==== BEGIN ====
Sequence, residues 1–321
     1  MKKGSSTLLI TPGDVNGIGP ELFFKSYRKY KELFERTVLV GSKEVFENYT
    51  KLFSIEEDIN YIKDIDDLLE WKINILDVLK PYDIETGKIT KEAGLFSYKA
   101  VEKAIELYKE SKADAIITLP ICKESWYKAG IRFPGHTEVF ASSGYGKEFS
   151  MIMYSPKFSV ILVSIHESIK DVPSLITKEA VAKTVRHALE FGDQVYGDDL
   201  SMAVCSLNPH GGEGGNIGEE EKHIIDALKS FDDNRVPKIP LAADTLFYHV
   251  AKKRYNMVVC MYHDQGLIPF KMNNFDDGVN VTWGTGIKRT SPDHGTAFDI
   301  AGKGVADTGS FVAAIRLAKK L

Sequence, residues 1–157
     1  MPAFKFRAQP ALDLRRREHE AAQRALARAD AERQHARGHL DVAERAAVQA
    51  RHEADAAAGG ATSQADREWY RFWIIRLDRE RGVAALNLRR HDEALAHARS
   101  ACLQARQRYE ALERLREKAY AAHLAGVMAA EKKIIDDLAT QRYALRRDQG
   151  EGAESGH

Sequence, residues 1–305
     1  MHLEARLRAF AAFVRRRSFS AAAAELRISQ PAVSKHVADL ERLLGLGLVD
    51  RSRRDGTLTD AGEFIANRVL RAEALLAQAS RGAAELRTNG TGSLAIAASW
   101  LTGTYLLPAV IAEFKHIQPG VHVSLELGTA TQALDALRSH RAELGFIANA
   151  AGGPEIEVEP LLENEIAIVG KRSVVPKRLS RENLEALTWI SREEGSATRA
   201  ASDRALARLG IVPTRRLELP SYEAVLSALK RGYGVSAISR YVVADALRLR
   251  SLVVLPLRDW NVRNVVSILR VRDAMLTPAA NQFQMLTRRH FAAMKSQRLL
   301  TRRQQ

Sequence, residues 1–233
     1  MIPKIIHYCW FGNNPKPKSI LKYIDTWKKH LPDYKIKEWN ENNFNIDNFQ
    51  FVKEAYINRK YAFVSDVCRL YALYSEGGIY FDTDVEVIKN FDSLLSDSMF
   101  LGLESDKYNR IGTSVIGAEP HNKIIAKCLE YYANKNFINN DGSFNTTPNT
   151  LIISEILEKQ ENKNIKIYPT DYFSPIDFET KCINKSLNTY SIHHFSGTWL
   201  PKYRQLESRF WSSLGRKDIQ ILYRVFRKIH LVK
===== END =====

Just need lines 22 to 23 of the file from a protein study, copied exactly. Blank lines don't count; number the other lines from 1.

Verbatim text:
Sequence, residues 1–233
     1  MIPKIIHYCW FGNNPKPKSI LKYIDTWKKH LPDYKIKEWN ENNFNIDNFQ